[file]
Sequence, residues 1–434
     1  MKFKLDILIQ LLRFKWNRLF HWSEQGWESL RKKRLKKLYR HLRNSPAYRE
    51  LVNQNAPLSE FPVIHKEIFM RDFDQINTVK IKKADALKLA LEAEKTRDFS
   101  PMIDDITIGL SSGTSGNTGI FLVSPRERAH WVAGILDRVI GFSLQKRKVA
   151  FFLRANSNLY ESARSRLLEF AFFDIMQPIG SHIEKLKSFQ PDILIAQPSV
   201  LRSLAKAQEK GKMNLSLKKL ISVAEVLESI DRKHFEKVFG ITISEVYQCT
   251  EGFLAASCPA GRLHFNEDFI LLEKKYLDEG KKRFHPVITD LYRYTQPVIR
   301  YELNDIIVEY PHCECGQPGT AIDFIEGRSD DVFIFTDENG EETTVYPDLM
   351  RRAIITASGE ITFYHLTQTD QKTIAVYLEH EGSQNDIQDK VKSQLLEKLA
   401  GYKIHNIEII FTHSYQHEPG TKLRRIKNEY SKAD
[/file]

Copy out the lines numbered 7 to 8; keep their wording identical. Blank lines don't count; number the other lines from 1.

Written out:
   251  EGFLAASCPA GRLHFNEDFI LLEKKYLDEG KKRFHPVITD LYRYTQPVIR
   301  YELNDIIVEY PHCECGQPGT AIDFIEGRSD DVFIFTDENG EETTVYPDLM